Saturday I was in line behind a guy at the grocery store.  The checker was super chatty and enthusiastic, slamming groceries into bags with a whole lot of force.

She asked the guy for his Smith's card number.  He said, "Oh, I'm from out of state."

"Where are you from?" she asked.

He said, "Texas...well Las Vegas."  The two of them looked at each other with a little confusion and he tried again.  "I'm originally from Brazil."  Then he gestured to the tall kid across the way waiting for him.  "My wife and I are dropping our son off at BYU," he said.  As if that explained his inability to explain where he was from.

My immediate thought was, "Already?  People are already bringing their kids to BYU?"  I'm not ready for that!  There's a big difference between being happy your kids are accepted to BYU (I was!  Happy day!) to actually having them move out.  And then there's the cost.  Spoiler alert, but sending two kids to/getting them ready for college isn't cheap.

It's all kind of dizzying and disorienting and I can totally understand why my friend from Texas/Las Vegas/Brazil didn't know where he was from.  Solidarity buddy.  I get it.  Kids + college is disconcerting.


Emma asked me the other day if I was excited for her to go to college.  I said, "I'm excited for you, but not for me."

She said, "There must be something that will be better about it.  Less work for you?"

"No," I said. "You don't cause that much work.  There's no upside for me."

"Do you want me to live with you forever?" she asked.

"No," I said.

"Then there's an upside."

Who am I to argue with Emma?

Monday, August 7, 2017

Books I read in July 2017

The Blue Castle by L. M. Montgomery ****

Someone at book club mentioned this book and I was pleasantly surprised that there was a book by her that I hadn't read.  This was a good book.  It's about a woman who has spent a lifetime cowed by her awful family and then she is told she only has a few months left to live to she shocks her family and does what she wants.

Left Neglected  by Lisa Genova***

This is by the same author of Still Alice.  Like it, there's a lot of neuroscience in the book.  A woman has an accident that leaves her with a brain injury where she can't see the left side of anything.  It was interesting.  I also loved the story.  It made me think and made me grateful for my life and the fact that I don't have a high falutin' career.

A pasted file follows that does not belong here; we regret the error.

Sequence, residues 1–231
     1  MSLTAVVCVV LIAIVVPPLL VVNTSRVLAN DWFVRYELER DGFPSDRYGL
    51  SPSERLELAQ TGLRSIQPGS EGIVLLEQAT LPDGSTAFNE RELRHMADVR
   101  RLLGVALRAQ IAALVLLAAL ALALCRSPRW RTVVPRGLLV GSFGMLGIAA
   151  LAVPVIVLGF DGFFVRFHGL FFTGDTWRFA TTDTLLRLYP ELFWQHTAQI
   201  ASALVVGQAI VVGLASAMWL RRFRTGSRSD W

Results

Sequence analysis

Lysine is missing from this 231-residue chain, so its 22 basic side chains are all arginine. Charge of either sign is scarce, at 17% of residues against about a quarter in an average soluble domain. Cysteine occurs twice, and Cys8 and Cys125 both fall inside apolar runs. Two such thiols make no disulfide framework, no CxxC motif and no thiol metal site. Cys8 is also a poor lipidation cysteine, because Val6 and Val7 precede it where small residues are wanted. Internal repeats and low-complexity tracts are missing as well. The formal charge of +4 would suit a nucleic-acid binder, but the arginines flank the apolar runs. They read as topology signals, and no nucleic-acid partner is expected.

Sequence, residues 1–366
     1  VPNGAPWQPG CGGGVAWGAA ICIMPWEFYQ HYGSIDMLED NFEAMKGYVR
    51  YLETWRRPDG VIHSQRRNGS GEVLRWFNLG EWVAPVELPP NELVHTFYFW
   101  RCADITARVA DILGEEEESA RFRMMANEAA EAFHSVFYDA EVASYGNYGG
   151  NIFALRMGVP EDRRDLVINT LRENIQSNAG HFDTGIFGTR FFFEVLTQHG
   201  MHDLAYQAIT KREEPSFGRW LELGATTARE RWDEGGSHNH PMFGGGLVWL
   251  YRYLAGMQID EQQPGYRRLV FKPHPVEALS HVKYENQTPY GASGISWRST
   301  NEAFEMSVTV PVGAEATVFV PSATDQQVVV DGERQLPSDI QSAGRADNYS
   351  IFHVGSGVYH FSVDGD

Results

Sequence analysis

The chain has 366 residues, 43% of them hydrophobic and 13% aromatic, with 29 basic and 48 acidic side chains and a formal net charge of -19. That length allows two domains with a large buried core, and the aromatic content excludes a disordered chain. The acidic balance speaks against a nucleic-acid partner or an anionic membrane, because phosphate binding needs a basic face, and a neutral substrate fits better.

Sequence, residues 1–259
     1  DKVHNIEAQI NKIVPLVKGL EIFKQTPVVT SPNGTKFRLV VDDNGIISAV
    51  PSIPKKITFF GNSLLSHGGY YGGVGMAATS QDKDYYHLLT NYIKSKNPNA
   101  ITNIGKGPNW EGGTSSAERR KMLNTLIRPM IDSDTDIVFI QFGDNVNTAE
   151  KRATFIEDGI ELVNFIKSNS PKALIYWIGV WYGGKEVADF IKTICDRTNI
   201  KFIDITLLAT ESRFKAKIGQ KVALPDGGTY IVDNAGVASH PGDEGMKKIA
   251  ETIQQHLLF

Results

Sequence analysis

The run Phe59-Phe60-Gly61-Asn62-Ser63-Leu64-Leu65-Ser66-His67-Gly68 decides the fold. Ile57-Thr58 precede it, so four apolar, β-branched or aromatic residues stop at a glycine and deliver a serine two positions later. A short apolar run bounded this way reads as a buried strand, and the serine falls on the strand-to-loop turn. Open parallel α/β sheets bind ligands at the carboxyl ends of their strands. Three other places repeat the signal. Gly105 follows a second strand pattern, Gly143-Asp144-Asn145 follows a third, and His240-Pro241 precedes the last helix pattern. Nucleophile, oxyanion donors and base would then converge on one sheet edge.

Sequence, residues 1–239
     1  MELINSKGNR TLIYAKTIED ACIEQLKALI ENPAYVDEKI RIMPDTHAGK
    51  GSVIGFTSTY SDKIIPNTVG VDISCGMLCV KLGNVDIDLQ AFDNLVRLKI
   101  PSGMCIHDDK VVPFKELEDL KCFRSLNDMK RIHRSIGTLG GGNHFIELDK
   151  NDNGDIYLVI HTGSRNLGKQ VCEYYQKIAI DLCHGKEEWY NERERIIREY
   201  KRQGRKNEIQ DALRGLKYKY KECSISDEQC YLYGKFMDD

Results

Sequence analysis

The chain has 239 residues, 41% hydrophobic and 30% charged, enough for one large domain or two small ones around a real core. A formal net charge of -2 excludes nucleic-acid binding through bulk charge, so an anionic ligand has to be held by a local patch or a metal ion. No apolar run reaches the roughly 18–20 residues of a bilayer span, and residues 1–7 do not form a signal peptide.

The Girl Who Came Home by Hazel Gaynor ***

I had a little bit of a hard time getting into it.  Since I knew some of the characters wouldn't survive the Titanic, I didn't know which characters I should care about and which I should keep my distance from since they weren't going to make it.  I ended up thinking it was interesting read though.

The Things We Knew by Catherine West ***

This was for book club.  I liked the book fine...it's an easy read about a family that is sort of in disrepair and they have a house in Nantucket.  What's not to like?  When I got to book club, everyone spent the first 15 minutes talking about how dumb and lacking in substance the book was.  Hmm.  What does that say about me?

Don't answer that.

Miss Hickory by Carolyn Sherwin Bailey*

This one is a Newbery winner so I started it.  Didn't finish it.  The book is short, but so is life.  What isn't short is the list of books that I want to read.  So this one didn't make the cut.  It won the Newbery in 1947 and makes you wonder what the competition was.  Was there competition?  Maybe this was the only book published that year.  It's about a cranky doll whose head is made out of a hickory nut.  I browsed ahead and looked at the pictures and it seems a squirrel eats her head later.  Weird.

Emma was sort of shocked when I told her I wasn't finishing it.  "I thought you were going to read every Newbery?!?" 

Emma clearly has more stick-to-itiveness than I do.

Secret of the Andes by Ann Nolan Clark **

This was another Newbery.  It was OK but I didn't love it.  It was about a boy living in the Andes and on sort of a quest to discover his Incan roots.  It was all very mystical and left me wondering what exactly were his roots and what was the secret. 

First Comes Love by Emily Giffen ***

The language was a little dicey.  I need to remember that because I always forget and then recommend a book to someone else....

Also, the ending wasn't as satisfying as I would have liked. I do mostly enjoy Emily Giffen books though.  The characters are interesting and multi-dimensional.  The book was about two sisters who didn't have a great relationship and there was the underlying tragedy of their brother who died young and how that changed everyone.